When we lived in CO, we enjoyed spending time outdoors and took advantage of the endless hiking opportunities that were right in our backyard. Thus, when we moved to Rosarito, we sought out those types of activities here in Mexico as well. What we have found is that there are so many hidden gems, but often they are unknown to mainstream travel guides and it’s hard to find any pictures or information about them online! Often you only find out about them through word of mouth…and then of course, finding them is always an adventure. Two of these fabulous sites are the Cerro El Coronel and El Salto Canyon hikes, both of which we found out about by talking to the locals.
Cerro El Coronel
Cerro El Coronel is a mountain southeast of downtown Rosarito which, if you can figure out how to ascend it, has tremendous panoramic views of the Coronado Islands (not the one in San Diego) and the Pacific Ocean at the summit of the peak. According to the mountain’s legend, around the year 1800, a US army colonel defected and fled to Baja with a large shipment of gold. He took refuge in a cave and the story holds that the gold remains hidden to this day. Occasionally, explorers still conduct expeditions in search of the lost gold ore.
Our first experience hiking the mountain was, luckily for us, with friends who had made multiple attempts previously. Their first couple of tries were focused on simply finding the “trailhead” which, after having to drive up a dirt road to find only private property and non-public parking areas, proved to be a challenge in and of itself! They were fortunate to have friended the owners of a house nearby who granted them permission to park anytime they wanted to hike. And, this is also was not quite the type of hiking we were used to in Colorado…most notably the fact that there were no marked trails or clear hiking path. So, their next mission was to find a relatively safe path up, and then of course back down the mountain, which also took them a couple of tries. But eventually they succeeded and were excellent tour guides for us!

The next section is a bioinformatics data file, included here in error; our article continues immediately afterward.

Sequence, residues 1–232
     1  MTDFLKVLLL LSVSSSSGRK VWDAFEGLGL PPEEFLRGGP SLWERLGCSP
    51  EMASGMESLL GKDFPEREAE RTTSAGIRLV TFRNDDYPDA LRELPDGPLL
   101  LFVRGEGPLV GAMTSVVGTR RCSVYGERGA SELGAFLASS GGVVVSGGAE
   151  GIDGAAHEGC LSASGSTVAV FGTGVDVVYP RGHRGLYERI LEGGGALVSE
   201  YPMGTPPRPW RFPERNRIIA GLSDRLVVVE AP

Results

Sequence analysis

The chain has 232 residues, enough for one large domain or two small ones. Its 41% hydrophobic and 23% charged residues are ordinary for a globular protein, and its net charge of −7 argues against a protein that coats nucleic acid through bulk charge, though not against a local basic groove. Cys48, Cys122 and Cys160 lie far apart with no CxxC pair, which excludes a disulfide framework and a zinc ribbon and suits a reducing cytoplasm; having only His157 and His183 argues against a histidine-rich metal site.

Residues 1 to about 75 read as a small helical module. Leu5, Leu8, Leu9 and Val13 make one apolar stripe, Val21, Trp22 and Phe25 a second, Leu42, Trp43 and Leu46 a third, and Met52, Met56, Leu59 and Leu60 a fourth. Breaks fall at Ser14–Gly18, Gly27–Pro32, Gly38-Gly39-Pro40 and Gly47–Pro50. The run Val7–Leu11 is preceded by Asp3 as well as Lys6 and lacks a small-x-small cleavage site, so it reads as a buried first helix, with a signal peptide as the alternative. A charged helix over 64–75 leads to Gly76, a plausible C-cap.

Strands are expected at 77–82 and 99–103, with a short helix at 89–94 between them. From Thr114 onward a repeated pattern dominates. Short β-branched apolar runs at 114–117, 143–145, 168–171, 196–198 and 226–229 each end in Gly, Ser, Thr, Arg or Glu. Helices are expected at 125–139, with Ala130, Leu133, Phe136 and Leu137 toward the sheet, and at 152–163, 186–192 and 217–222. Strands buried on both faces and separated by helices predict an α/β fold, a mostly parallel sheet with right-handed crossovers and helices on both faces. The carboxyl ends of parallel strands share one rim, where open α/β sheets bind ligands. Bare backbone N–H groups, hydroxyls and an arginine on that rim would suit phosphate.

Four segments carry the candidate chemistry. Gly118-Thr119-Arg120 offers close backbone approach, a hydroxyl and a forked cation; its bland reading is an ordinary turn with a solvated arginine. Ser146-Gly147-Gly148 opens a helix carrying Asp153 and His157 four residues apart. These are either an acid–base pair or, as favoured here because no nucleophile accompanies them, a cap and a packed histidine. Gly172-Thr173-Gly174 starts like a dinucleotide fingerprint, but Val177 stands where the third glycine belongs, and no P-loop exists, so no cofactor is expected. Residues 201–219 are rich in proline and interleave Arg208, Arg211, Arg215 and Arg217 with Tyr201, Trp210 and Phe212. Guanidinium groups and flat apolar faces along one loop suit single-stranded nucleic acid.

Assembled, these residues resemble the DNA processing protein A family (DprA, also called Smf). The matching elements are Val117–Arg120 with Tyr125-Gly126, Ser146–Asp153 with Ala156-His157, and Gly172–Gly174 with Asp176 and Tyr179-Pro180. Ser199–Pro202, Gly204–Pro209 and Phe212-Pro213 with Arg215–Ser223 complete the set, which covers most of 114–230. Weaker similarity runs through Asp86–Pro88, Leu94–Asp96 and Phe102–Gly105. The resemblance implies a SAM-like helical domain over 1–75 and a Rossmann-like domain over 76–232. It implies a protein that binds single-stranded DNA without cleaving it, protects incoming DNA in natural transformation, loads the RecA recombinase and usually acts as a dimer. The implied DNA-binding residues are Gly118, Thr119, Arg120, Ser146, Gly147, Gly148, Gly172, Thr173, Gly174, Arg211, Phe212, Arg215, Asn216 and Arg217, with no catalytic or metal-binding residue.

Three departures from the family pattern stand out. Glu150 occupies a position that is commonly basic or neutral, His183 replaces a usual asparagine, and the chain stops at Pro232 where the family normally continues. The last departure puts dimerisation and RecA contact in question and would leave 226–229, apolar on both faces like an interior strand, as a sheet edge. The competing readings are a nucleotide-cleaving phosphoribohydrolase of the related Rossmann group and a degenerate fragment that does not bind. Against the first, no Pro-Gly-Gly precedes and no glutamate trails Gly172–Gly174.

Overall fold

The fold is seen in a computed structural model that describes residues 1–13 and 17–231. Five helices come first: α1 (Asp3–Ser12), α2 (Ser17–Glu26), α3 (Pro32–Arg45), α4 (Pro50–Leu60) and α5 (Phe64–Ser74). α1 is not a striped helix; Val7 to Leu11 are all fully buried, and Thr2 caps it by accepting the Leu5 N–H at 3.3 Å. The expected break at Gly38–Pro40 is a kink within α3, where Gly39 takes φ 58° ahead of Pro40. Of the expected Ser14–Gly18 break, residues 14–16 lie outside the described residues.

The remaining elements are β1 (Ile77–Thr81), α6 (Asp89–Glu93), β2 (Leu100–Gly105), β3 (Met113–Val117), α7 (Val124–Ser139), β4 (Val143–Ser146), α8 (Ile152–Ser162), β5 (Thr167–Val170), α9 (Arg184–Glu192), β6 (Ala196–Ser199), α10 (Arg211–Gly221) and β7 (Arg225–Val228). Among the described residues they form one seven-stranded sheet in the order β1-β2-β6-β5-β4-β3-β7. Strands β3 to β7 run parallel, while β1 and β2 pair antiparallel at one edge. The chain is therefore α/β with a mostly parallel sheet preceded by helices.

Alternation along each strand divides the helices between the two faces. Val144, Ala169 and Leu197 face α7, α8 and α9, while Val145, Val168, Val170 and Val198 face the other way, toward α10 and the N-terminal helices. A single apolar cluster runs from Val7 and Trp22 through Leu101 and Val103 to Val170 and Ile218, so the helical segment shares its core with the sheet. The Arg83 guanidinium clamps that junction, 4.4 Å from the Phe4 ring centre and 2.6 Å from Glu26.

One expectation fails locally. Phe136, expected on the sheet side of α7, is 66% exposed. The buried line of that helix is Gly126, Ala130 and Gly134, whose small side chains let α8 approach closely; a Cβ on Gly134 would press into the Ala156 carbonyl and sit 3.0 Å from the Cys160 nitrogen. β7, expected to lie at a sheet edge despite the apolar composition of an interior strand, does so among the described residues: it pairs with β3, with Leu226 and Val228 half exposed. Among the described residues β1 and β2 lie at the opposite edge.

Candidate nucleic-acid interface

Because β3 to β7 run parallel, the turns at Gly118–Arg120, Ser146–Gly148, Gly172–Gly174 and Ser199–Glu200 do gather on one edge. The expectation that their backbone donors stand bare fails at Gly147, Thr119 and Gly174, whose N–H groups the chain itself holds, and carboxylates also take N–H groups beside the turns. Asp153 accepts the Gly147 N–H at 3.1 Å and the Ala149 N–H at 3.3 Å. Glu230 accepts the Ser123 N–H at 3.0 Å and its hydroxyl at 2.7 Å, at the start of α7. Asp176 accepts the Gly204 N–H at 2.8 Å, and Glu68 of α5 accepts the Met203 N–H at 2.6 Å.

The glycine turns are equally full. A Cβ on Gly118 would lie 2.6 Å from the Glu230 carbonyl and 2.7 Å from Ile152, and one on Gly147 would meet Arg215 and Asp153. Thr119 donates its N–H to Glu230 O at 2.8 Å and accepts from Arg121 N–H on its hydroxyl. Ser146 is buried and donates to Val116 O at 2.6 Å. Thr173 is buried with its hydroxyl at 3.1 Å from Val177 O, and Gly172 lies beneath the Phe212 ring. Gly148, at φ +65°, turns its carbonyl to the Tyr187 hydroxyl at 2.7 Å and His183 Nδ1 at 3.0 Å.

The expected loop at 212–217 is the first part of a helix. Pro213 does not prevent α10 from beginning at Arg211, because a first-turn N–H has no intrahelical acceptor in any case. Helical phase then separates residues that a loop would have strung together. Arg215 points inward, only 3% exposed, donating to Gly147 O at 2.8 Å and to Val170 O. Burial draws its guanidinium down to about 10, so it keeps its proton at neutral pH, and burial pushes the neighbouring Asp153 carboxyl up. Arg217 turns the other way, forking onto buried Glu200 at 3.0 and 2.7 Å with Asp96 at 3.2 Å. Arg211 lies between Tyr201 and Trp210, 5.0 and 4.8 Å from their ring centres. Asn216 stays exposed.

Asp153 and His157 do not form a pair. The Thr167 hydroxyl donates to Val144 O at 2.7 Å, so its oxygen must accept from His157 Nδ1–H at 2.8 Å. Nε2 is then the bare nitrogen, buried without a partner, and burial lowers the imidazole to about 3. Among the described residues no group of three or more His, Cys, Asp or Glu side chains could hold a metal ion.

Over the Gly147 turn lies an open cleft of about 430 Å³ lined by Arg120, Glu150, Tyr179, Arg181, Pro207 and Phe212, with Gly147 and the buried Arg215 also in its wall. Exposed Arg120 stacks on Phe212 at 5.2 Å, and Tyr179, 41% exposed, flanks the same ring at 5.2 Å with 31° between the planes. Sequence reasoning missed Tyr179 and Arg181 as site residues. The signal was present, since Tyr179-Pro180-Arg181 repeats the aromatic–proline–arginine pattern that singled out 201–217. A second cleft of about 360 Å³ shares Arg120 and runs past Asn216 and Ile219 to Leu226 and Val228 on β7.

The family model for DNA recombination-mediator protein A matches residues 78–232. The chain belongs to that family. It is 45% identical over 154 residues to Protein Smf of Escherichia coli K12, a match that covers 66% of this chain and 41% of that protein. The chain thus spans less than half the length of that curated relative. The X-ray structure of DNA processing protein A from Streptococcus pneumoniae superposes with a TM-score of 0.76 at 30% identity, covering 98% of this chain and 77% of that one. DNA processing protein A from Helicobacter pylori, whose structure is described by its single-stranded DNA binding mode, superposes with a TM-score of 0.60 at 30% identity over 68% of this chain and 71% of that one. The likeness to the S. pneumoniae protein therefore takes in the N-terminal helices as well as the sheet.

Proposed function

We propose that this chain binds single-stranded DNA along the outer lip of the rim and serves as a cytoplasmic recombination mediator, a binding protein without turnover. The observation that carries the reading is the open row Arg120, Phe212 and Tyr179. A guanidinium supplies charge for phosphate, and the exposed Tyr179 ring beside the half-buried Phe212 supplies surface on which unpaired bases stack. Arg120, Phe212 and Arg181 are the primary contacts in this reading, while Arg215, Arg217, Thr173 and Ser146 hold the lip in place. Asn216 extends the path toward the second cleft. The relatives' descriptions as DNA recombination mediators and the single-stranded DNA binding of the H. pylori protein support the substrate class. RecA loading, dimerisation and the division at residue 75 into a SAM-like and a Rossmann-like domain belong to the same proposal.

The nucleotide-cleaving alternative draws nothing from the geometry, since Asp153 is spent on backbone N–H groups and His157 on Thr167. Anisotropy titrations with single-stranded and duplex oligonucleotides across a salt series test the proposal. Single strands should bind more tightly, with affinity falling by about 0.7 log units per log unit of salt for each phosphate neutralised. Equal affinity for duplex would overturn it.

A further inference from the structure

The 4 hour roundtrip trek was basically walking up the side of a mountain, trying to avoid prickly cacti and other plants, and constantly staying on the lookout for rattlesnakes. And then, on the way down, there was the added challenge of not falling down the mountain side with all of the loose rock and gravel, given how steep it was, and again no clear path to follow. Nonetheless, the view from the top was more than worth all of it!
El Salto Waterfall and Canyon
From the parking lot, it is a fun and easy hike to the El Salto waterfall and canyon. The less than 1 mile trek follows along the river bed of the Guadalupe River as it heads towards the Pacific Ocean. There are beautiful large oak trees to admire and great spots to picnic and camp. If you are looking for a bit more of a challenge, the area is also excellent for bouldering, rock climbing and rappelling. When we went, it was the dry season so unfortunately there was no actual waterfall…but we imagine seeing the flow of water down the 100+ foot vertical cliff would be absolutely stunning!! We plan to return in a couple of months during the rainy season to witness it for ourselves!